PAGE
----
The Modi government has actively reached out to the Gulf monarchies not just to secure India’s energy interests, but also to provide them with the alternative strategic partnerships that they have been seeking to decrease their dependence on the US security umbrella.

Separately, India’s relationship with Israel has reached unprecedented levels under Modi, abetted by common economic and defense interests and also an ideological congruence between the Hindutva and the Zionist projects. It has also managed to keep its strings with Iran intact despite the occasional hiccups.

For most of West Asia, Modi’s India is a promising new friend, so much so that five Muslim-majority countries in the region have conferred their top honors to the Hindu nationalist leader.

Role in Africa

For Africa, where countries are looking for optimal options for material development, India is opening up new frontiers of cooperation. This it is doing in collaboration with Japan through the Asia-Africa Growth Corridor (AAGC), launched in 2016, which focuses on development cooperation, infrastructure and connectivity, capacity- and skill-building and people-to-people relations.

Arguably, the AAGC is a response to China’s BRI, which has already penetrated deep into the African continent. Beyond the AAGC, India’s own outreach to Africa has only bulged over the years. As this analysis by the Observer Research Foundation (ORF) notes, India is now Africa’s third-largest trade partner and seventh-largest investor, and has about US$10.5 billion in total credit commitment through its Export Import (EXIM) Bank.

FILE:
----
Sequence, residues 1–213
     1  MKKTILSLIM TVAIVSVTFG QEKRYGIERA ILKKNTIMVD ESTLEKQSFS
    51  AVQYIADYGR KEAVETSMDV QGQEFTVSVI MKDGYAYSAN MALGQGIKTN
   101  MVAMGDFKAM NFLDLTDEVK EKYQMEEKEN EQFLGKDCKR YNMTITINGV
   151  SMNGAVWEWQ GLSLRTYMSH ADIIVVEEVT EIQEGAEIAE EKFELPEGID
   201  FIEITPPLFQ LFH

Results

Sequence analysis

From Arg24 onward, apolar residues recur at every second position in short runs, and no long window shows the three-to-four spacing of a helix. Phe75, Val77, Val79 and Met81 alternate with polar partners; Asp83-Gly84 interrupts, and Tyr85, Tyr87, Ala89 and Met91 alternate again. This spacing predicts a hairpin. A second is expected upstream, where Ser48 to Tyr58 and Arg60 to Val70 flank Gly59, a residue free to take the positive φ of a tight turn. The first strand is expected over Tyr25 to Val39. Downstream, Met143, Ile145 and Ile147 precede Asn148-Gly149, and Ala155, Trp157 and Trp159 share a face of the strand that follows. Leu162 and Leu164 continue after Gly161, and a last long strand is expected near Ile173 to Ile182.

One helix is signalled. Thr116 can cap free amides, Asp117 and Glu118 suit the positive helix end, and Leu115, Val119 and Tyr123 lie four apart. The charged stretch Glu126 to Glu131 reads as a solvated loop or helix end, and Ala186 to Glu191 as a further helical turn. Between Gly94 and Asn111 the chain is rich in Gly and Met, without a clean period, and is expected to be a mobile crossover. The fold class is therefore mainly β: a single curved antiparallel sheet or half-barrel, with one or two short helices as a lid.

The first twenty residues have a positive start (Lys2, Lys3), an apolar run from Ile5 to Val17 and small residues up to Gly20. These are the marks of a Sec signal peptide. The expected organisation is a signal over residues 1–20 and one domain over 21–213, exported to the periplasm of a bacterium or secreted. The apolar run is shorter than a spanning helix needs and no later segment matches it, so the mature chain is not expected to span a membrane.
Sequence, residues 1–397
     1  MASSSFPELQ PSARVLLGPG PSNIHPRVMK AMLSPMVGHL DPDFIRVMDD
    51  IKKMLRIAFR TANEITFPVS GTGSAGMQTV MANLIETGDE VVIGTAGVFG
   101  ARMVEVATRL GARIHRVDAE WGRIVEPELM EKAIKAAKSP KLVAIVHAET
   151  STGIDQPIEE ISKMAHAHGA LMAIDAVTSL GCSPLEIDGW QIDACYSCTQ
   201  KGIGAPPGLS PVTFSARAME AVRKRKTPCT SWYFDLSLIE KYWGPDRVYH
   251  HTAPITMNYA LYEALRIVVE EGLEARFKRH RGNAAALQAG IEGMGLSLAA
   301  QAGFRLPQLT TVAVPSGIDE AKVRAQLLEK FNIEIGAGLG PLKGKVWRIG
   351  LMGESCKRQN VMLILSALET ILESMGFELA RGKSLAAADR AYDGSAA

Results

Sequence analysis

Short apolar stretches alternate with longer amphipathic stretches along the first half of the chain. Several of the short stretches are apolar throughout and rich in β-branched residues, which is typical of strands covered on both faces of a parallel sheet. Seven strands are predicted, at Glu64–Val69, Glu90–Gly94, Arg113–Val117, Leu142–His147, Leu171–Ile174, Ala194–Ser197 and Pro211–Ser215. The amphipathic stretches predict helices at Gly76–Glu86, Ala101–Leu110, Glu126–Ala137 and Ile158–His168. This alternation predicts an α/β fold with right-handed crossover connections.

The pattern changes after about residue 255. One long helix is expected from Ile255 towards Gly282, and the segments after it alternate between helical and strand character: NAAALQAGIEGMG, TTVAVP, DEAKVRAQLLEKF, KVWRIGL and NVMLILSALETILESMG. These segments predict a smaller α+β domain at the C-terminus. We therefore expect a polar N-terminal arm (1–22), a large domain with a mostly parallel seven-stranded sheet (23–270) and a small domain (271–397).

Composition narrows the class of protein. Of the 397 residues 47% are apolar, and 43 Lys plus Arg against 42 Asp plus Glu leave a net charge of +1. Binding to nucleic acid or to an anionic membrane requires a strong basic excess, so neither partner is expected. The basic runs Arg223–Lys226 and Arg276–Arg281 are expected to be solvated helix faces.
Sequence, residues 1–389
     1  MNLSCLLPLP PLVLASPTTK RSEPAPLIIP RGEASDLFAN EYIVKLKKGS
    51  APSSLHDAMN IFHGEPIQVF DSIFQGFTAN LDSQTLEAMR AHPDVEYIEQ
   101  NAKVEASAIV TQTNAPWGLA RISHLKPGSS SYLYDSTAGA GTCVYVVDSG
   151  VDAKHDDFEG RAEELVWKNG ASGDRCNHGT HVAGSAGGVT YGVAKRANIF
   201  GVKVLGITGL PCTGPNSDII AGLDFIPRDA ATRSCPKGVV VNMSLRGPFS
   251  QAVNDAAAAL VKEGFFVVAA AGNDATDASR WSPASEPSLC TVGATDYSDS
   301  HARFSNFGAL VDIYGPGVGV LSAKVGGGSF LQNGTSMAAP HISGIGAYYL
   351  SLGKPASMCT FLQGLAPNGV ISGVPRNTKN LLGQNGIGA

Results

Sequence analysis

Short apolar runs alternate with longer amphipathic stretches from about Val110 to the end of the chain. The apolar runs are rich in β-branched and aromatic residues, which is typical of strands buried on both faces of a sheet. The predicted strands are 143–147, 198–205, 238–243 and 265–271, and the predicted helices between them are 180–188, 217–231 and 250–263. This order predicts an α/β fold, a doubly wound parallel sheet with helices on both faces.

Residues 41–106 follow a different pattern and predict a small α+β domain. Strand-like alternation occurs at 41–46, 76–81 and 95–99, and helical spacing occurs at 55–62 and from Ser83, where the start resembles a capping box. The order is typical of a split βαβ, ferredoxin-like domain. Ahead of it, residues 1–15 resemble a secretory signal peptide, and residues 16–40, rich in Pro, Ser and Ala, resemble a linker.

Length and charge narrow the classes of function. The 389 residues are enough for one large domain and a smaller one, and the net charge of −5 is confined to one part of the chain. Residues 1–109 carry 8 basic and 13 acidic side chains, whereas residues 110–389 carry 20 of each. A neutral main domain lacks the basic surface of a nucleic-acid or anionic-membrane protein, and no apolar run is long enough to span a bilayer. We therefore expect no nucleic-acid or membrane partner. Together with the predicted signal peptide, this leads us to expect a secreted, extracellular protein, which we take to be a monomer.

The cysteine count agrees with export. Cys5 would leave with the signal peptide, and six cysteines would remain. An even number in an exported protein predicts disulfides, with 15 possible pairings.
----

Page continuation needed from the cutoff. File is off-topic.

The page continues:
Several multisectoral projects in the continent are being funded with Indian assistance, while New Delhi’s Indian Technical and Economic Cooperation (ITEC) program is helping build capacity in these paradigms.

All of these make India a critical partner for the aspirational African economies.

Vaccine diplomacy

Beyond these, the Modi government doubled down on pitching India as a positive global force during the Covid-19 pandemic. He ensured that India’s leading position in global pharmaceutical supply chains, including vaccine manufacturing, is recognized by the world. He kept reminding countries that India is the “pharmacy of the world.”

Under the ambitious Vaccine Maitri initiative, India has gifted nearly 13.8 million shots to low-income economies in Asia, Africa and South America. Combining deliveries of made-in-India vaccines under commercial contracts and the UN’s COVAX alliance, India has supplied a total of more than 115.4 million jabs across the world.

Modi also used the pandemic to rejig South Asian regionalism by creating a South Asian Association for Regional Cooperation (SAARC) Covid-19 emergency fund.

These moves have placed India in a coveted group of non-Western international actors that have been critical in maintaining both global vaccine supplies and vaccine equality in the face of unequal access due to hoarding by wealthy Western countries.

In all, India is more important for the world now than ever before – and Modi knows that very well. So even if things get really bad at home, he will continue to dodge criticism from foreign governments, never mind punitive action such as sanctions.

Yes, there might be some noise from one leader or two on specific issues, but the bulk of them will continue to entertain him. For all its moralistic grandstanding, the so-called “liberal international order” is fundamentally designed to privilege realpolitik interests over “soft issues” like human rights or civil liberties.

For those concerned about the democratic downslide in India, this is bleak news.

Angshuman Choudhury is a New Delhi-based policy analyst, currently coordinating the Southeast Asia Research Program at the Institute of Peace and Conflict Studies (IPCS), New Delhi. Follow him on Twitter @angshuman_ch